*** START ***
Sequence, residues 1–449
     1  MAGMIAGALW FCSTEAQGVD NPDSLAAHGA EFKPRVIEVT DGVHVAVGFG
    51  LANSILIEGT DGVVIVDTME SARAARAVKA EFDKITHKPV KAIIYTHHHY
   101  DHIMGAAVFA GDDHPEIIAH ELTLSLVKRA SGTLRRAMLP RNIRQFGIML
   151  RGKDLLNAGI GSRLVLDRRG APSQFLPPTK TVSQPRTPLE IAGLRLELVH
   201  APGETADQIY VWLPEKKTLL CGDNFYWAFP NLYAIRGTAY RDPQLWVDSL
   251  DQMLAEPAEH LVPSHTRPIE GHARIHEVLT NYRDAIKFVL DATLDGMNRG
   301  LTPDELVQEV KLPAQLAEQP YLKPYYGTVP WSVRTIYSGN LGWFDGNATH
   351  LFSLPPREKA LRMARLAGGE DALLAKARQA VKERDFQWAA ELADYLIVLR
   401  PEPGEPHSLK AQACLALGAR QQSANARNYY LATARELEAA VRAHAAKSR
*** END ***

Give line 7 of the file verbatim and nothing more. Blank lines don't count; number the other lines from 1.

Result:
   251  DQMLAEPAEH LVPSHTRPIE GHARIHEVLT NYRDAIKFVL DATLDGMNRG